Diving into miRNA Detection
Signs of organ disease may be in the blood long before other phenotypic signs are evident. The kidney and liver, for example, release abundant amounts of miRNA indicating that the organ is no longer healthy, explains Martin Hegner, Ph.D., professor in the Centre for Research on Adaptive Nanostructures and Nanodevices at Trinity College Dublin.
Similarly, such miRNAs could be used to confirm a diagnosis in an emergency situation.
Dr. Hegner has been working for the past decade on ways to detect soluble macromolecules with small cantilevered array sensors. At the Knowledge Foundation conference he will describe work undertaken in collaboration with Hoffman LaRoche using these springboard-like nanomechanical sensors to specifically detect small RNA from serum using cantilever array sensors within 10–15 minutes.
“You have a sample from cells, you lyse the cells, then you sediment the debris and inject the supernatant.”
Because miRNA in blood may be present at concentrations of up to 200 million per milliliter and quite stable (as opposed to its longer RNA cousins), it should in principle be quite easy to measure, “This is not something where you’re going for single molecule detection,” he notes.
The sensors are coated with matching sequences which detect bound complementary miRNA in a couple of ways, with no labeling or modification of the target necessary, either by bending of bar, or by changing the bar’s oscillation. The technology was initially derived from scanning probe microscopy, and delivers sensitivity at the Angstrom level that can be read out using laser optics.
Any kind of small mechanical sensor will react to its environment and so it’s mandatory to include reference sensors “which are able to deconvolute any kind of background nonspecific binding from the real signal we are looking at,” explains Dr. Hegner. “We always have a minimum of two sensors. It’s a differential readout.”
The team is also collaborating with the California Institute of Technology to develop a version using integrated nanoelectronics in the springboard itself “where we don’t need an optical readout,” he says, with the aim being the creation of an entire system in a handheld device, perhaps even for use in an ambulance.
Preparing samples for Eureka Genomics’ Mass Genotyping by Sequencing Technology methodology starts with heating DNA to melt it apart and break it into smaller pieces, “which makes the hybridization of the next set of probes onto it much easier,” explains John Curry, Ph.D., senior scientist.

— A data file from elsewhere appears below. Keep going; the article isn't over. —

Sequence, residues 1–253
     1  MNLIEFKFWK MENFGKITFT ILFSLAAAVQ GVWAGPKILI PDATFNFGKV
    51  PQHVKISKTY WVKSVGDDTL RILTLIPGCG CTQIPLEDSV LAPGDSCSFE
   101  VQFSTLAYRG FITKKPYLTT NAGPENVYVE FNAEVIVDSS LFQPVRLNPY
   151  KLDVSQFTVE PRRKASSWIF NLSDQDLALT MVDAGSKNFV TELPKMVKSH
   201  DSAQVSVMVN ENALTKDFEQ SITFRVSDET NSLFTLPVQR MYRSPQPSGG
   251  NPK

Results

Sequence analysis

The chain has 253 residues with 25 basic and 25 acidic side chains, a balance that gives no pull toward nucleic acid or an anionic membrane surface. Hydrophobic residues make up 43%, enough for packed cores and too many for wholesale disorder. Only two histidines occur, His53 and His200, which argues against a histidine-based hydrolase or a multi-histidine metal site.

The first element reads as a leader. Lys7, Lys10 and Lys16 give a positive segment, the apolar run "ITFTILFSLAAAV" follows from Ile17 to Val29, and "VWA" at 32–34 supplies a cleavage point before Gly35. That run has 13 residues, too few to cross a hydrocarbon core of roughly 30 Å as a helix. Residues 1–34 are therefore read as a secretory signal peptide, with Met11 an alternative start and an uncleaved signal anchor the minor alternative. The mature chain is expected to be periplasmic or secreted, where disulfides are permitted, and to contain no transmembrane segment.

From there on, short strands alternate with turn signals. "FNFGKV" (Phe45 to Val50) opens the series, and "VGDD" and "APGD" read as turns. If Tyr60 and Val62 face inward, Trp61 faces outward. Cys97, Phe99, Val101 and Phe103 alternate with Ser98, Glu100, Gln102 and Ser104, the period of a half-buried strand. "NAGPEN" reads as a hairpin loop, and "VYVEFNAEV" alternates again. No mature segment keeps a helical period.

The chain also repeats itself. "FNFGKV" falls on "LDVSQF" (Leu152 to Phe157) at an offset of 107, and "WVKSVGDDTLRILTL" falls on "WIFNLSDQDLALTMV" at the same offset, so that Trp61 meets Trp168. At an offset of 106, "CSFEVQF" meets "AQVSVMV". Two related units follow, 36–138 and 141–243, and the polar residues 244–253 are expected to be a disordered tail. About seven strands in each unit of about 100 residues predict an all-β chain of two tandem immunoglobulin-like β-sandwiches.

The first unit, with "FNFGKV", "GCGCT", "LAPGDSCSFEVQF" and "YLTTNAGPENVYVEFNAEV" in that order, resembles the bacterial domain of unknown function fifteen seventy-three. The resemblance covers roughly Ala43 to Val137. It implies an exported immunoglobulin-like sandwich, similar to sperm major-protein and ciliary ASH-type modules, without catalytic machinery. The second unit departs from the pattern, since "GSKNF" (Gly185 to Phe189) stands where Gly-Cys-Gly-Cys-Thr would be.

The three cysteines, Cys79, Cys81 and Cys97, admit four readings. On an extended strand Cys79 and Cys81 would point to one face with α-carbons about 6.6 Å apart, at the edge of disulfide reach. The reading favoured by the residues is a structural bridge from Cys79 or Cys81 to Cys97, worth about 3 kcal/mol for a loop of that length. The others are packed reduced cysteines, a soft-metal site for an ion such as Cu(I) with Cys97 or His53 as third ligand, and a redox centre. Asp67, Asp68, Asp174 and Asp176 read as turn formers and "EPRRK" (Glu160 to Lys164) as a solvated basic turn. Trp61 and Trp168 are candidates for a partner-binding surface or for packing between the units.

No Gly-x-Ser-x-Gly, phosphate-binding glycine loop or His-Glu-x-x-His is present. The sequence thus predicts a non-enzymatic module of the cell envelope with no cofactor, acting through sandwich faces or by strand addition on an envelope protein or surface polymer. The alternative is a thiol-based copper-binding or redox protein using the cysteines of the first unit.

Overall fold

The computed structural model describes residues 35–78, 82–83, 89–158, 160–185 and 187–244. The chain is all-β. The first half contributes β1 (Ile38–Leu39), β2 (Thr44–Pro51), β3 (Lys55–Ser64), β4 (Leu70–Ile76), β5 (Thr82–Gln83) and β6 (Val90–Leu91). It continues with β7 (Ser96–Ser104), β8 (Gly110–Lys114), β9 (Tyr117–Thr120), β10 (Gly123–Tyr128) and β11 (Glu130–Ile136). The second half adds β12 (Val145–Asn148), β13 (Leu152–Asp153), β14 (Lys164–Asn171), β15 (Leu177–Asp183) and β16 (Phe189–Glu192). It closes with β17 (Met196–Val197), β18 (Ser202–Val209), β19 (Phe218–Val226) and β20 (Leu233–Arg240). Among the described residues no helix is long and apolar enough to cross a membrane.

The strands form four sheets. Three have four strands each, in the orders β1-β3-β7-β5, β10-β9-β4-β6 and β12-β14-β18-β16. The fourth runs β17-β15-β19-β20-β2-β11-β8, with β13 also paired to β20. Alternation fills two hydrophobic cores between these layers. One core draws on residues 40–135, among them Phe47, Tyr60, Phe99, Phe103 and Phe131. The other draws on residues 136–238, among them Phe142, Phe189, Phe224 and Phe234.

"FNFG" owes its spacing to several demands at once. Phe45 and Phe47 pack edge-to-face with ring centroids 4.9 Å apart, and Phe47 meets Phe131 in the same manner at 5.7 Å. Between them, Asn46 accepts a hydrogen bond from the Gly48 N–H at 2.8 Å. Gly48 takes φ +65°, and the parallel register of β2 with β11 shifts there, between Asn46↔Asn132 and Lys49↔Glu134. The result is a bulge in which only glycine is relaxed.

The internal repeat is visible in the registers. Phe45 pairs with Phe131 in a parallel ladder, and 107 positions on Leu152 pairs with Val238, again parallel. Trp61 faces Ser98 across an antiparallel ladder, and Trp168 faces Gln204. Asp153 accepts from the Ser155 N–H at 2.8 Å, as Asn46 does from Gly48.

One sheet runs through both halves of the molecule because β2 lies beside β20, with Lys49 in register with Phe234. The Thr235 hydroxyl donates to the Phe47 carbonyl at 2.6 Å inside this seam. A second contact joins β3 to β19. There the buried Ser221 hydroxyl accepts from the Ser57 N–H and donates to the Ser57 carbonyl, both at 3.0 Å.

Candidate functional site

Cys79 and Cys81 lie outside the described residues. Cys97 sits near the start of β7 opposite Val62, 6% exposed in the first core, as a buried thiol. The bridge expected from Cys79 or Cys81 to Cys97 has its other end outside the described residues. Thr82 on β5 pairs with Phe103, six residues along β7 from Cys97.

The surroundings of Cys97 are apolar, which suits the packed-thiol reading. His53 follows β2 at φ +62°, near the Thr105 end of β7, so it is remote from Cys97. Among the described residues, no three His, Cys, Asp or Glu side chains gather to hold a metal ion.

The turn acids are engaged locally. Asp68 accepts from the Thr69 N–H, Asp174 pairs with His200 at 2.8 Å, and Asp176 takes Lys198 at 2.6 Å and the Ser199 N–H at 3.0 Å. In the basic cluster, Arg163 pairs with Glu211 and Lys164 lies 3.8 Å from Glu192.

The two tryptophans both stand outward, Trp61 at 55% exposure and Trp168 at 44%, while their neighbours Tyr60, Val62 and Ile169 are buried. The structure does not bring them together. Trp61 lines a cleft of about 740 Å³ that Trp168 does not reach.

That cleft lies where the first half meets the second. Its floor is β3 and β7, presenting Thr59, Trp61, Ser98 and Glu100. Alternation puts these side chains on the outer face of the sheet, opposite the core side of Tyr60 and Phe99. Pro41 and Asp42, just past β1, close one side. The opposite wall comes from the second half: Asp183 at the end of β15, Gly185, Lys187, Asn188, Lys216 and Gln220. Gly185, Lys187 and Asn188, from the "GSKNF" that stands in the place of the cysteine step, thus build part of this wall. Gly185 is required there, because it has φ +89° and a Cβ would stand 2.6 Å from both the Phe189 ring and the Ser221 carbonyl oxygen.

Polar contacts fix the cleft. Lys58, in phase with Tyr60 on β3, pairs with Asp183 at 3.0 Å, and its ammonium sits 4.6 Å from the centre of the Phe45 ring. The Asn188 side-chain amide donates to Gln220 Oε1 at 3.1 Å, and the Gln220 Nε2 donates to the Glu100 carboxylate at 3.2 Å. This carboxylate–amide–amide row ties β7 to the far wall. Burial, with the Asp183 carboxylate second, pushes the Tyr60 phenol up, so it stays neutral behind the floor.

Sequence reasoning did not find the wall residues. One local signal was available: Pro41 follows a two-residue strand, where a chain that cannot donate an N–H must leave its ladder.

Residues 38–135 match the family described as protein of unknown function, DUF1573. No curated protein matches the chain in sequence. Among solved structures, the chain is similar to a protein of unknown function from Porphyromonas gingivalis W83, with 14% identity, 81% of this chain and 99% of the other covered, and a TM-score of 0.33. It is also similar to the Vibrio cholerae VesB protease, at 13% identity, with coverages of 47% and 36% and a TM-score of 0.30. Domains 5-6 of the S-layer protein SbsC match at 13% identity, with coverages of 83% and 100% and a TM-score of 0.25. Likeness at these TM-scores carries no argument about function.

For each single nucleotide polymorphism (SNP) to be interrogated three barcoded probes are then added: a phosphorylated right hybridization sequence, and two left hybridization sequences, which differ by a complementary SNP and permit discrimination between the two different alleles in the genomic sequence.
The hybridized probes are then ligated and act as a template for the subsequent PCR reaction, which further adds sample specific indexes.
The assays (one sample, but hundreds of loci, per well) begin in 384-well plates and are combined and spun down into a small library “so we’re really taking a few milliliters of PCR products and reducing it down to 100 µL of library,” explains Dr. Curry. “And a portion of that library goes into the sequencer.”
This type of ligase discrimination for SNPs has been done for 20 years. Yet “whereas before people would do this assay one at a time, or 40 at a time, and resolve it on a PAGE gel, we’re resolving it on a next-gen sequencing platform,” he continues.
“So we’re able to put thousands of samples, with hundreds of loci, into a single tube, onto a single lane of an instrument, and get the information back, and decipher it, and determine the genotypes for basically 1,000 x 100 SNP-sample combinations.”
The assay never actually has to read the biological information itself “because they’re all on the probes that are designed from the biological information,” notes Dr Curry. This allows for shorter, more economical reads. In addition the barcodes can be multiplexed.
“We’re able to drive the cost down to fractions of a cent per animal SNP-combination, and do them all at once.” Eureka Genomics has already commercialized this process for agricultural and clinical applications.